Monday, April 13, 2009

Challenge of "normalcy"

I believe that one of the main ideas in Brokeback Mountain was to challenge the idea of the "normalcy" of heterosexuality. Even Ennis tried to maintain what was "normal" after the two had begun homesexual physical acts by saying, "I ain't queer," to which Jack replies "me either." The two are trying to maintain the fact that they are both normal, and not in fact homosexual, especially in conservative rural America. They would even view themselves as abnormal if they admitted they were homosexual. In fact, they both go on to live "normal" lives for four years in which they both marry women and have children. However, from that fourth year on, they meet up periodically to go on "fishing trips" in which they really act on their love for each other. Jack suggests multiple times that they quit putting on a "normal" appearance and live together and run a ranch. Jack is willing to give up what is "normal" so that the two of them can be together. Ennis is not willing to give that up. In the end Jack dies because of his homosexuality, and Ennis lives on acting as if he were not homosexual.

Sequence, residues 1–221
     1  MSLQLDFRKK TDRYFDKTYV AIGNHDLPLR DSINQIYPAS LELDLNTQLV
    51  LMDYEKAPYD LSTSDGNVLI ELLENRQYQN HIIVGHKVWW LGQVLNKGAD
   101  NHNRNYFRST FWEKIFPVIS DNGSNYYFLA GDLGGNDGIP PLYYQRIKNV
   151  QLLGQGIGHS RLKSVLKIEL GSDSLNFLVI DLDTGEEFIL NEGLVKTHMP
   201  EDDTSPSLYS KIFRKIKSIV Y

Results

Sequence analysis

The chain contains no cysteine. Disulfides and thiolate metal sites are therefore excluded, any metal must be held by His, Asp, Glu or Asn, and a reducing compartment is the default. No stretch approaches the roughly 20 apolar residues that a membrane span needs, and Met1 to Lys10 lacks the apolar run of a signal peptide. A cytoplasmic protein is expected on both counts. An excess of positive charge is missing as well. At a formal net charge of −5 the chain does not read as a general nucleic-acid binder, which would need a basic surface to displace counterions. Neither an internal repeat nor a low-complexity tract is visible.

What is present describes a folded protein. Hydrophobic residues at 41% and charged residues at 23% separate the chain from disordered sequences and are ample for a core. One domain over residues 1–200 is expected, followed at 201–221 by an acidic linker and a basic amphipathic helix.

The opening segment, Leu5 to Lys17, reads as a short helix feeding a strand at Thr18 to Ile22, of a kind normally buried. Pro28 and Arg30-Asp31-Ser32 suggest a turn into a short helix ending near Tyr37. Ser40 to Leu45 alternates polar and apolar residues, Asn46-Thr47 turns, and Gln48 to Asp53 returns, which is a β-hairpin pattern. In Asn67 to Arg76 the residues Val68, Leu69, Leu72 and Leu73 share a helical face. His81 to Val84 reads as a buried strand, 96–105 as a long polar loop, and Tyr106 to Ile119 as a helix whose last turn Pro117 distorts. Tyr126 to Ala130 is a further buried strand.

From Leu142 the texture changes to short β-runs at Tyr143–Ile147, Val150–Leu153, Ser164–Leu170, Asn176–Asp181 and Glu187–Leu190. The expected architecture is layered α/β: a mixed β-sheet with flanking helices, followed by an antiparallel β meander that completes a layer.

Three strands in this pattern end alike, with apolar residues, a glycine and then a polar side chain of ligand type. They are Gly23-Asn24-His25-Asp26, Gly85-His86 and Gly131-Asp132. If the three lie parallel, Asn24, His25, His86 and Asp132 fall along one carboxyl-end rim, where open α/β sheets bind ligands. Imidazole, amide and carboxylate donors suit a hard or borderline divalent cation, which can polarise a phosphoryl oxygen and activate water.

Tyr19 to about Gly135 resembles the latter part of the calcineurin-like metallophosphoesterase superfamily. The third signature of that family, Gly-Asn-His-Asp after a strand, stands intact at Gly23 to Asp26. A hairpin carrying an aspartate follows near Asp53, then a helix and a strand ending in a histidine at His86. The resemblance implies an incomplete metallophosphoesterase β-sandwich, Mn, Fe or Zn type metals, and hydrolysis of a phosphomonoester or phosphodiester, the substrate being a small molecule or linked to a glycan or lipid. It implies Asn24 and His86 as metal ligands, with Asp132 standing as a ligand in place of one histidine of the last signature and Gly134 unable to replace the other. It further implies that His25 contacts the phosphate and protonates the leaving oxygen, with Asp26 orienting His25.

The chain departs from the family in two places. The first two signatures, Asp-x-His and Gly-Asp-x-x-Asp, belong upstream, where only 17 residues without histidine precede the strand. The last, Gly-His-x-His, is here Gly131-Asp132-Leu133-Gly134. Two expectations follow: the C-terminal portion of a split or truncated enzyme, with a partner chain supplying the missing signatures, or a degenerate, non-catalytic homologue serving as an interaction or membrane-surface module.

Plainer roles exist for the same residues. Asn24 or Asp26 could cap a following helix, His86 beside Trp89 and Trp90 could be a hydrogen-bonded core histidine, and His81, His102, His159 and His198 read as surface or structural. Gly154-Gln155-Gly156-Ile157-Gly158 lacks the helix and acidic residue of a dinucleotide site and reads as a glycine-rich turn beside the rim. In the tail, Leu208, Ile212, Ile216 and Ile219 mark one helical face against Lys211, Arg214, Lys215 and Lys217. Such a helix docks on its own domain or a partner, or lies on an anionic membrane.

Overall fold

I believe the writers of the film were attacking the popular view of what is "normal," which in this case is the heterosexual lifestyle. They are trying to show cases in which what is "normal" is not necessarily what is normal. Even though the two cowboys planned on a temporary arrangement on Brokeback Mountain and went on leading "normal lives," they really wanted to be with eachother. It seemed that Brokeback was more of a home to them than their actual homes. A place where they could act on their true desires, and pretend to be "normal." The characters showed distain for this type of lifestyle, but Ennis would not allow it to change. The lives of both cowboys seemed to be unhappy and unfulfilled apart from eachother; one ending in a violent death. Through this critique of what is "normal," I think the filmwriters hoped to increase understanding and tolerance of homosexual relationships, and how they translate in the real world. Through the negative portrayal of the hidden nature of their relationship, I believe the film makers are calling for change, in the form of understanding and tolerance of homosexuality and homosexual relationships.

No comments:

Post a Comment